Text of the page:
Counterparties: ‘Bridges to nowhere’ in central banking

April 12, 2012

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Traders and financial journalists have a favorite game: guessing when the Fed will step in and juice the markets. “The Fed signals possibility of something!” “Fed governor leaves door open for potential action at an unknown date!”

We all know this pattern; it still moves markets and sends CNBC anchors into a lather. But it’s worth taking a step back and taking in the latest comments from Mohamed El-Erian and George Soros about central banks. The real problem here isn’t Fed-obsessed traders making the market more volatile. Rather, they suggest, the world’s central banks could be doing more macroeconomic harm than good.

Both El-Erian and Soros are adamant that the European crisis is getting worse, despite the ECB’s huge interventions. Soros says: “the crisis has entered what may be a less volatile, but potentially more lethal phase.” The ECB’s LTRO operation, he writes, has helped the markets but “obscured underlying deterioration” that threatens to break up the EU.

El-Erian, for his part, says “the problems in Europe are getting bigger.” But his most fascinating comments are focused on the U.S. (His full speech, given at the Federal Reserve bank of St. Louis, is a must-read.) Cut through the wonkiness of El-Erian’s speech, and you have some of the harshest warnings about modern central banking in recent memory.

Among the potential consequences of central bank actions, according to El-Erian: damage to pension and money market funds; “artificial pricing, lower liquidity and a more cumbersome price discovery process”; contributions to higher commodity prices; pressure on emerging economies to lower rates; a gusher of speculative cash destabilizing emerging economies; and, last but not least, exacerbated income inequality, as the stocks and bonds owned by the wealthy become more valuable.

The broader idea, says El-Erian, is that the world’s central banks have transformed the world’s priorities, so that traders with a short-term outlook are dominating investors who might be able to make distinctions more useful than simply “risk on” and “risk off”.

We trade too much and invest too little – and a lot of that is the fault of the Fed and the ECB. Their liquidity helped to put out the fires of 2008, but looking to central banks to fix the world’s economic problems, El-Erian says, is just asking for expensive “bridges to nowhere.”

On to today’s links.

Double Agents
Meet the “Fox News Mole” – Gawker

Tax Arcana
“Accountants are today’s cowboys” – David Foster Wallace’s tax classes – New Yorker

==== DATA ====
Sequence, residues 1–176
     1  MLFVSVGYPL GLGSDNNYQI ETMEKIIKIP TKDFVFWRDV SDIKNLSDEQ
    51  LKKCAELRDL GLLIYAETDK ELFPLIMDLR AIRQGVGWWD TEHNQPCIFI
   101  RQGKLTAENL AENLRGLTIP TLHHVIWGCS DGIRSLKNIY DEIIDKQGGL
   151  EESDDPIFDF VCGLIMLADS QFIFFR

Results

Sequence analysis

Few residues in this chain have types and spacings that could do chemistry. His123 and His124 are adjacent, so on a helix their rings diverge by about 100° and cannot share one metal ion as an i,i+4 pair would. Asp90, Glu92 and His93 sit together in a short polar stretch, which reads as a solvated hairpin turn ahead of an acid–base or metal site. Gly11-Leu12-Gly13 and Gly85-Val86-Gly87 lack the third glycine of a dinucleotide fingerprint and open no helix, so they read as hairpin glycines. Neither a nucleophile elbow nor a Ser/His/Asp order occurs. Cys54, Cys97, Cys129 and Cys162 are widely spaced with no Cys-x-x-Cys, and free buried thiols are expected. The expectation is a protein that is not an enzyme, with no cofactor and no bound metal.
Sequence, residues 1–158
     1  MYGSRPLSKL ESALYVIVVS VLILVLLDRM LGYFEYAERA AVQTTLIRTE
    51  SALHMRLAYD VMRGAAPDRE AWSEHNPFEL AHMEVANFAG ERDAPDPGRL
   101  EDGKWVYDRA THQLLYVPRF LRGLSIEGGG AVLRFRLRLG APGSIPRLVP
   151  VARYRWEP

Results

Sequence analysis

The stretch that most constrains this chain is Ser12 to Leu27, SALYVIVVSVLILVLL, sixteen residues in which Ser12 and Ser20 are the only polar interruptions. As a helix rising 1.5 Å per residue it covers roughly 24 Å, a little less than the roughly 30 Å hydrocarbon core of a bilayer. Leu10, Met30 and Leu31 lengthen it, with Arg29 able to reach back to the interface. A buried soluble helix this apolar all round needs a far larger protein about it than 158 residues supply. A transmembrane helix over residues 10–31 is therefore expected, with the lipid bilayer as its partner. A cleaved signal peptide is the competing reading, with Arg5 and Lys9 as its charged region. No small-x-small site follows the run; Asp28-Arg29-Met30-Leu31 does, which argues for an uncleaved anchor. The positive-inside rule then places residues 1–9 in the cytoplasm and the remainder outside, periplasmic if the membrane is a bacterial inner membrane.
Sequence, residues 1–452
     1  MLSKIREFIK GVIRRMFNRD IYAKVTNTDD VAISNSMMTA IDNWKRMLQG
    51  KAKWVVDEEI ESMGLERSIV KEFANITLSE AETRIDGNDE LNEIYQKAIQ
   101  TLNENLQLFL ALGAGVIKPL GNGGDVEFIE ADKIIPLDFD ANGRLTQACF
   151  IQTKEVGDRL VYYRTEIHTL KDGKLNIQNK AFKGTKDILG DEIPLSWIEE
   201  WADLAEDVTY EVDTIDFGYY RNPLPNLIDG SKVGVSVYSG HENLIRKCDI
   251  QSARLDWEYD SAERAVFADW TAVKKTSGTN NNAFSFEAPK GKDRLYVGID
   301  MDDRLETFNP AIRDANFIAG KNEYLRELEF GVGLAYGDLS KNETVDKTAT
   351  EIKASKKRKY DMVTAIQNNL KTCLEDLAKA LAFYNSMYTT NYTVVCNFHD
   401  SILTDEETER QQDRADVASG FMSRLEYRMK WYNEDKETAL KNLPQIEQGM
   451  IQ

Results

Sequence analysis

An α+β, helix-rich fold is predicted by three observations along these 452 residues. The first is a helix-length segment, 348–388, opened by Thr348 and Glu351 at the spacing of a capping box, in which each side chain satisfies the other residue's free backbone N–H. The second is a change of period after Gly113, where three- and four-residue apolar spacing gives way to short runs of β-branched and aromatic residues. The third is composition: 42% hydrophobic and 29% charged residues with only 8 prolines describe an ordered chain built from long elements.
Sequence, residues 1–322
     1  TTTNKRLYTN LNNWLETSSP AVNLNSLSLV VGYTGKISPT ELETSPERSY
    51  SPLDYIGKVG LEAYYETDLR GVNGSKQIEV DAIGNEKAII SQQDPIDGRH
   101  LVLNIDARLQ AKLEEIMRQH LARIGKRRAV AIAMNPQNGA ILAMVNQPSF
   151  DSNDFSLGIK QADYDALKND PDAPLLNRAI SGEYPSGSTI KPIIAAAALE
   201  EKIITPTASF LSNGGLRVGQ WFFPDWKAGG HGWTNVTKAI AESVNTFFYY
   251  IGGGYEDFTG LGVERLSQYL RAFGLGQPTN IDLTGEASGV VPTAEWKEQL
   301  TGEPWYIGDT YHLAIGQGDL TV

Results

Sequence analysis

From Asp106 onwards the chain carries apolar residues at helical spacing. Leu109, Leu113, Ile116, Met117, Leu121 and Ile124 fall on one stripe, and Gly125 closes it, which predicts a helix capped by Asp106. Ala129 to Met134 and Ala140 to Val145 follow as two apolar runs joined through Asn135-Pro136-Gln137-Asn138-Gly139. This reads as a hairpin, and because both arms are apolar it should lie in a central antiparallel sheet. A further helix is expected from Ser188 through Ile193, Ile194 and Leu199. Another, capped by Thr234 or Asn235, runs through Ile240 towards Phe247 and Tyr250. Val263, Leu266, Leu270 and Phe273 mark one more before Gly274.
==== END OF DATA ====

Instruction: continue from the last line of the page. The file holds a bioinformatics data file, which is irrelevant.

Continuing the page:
A brief reminder on how the Buffett Rule actually works – WashPo

Treasury fund for “hardest hit” homeowners has spent just 3 percent of its funds in two years – NYT

The Fed
El-Erian: “central banks can no longer – indeed, should no longer – carry the bulk of the policy burden” – Pimco
Philly Fed Chairman: conditions don’t justify to new action – WSJ

Raging Bulls
Even excluding Apple, the S&P 500 has doubled since 2009 – Bloomberg

Goldman settles charges related to trading “huddles” for $22 million – SEC
Goldman sheds leveraged loans, and Buffet is the buyer – WSJ

Centralized Banking
Chanos says Chinese banks are instruments of state policy and won’t be broken up – CNBC

Positive Indicators
New York’s subway had more riders in 2011 than any year since 1950 – NY1

Old Normal
Gated communities: “we used to call them castles” – Atlantic Cities

Impatient Capital
Fred Wilson on what private equity can teach entrepreneurs about staying independent – AVC

Department of Collections
Recovering economy boosts tax revenue and shrinks the deficit by $50 billion – WSJ

Jamie Dimon ready to fight any repurchase claims on $95 billion of mortgage securities – Bloomberg

Sitting down is killing you, but a standing desk is a power trip – Kempt

New Normal
More people are quitting their jobs – and that’s decidedly good news – WSJ

Good News
At a state level, housing pricing prices and economic performance are decoupling – SF Fed

World Bank says China will be able to achieve a soft landing – World Bank

Oaktree’s IPO was marked to Howard Marks –  Reuters Breakingviews

The U.S. has a higher percentage of low-wage workers than any other OECD country – Economist’s View

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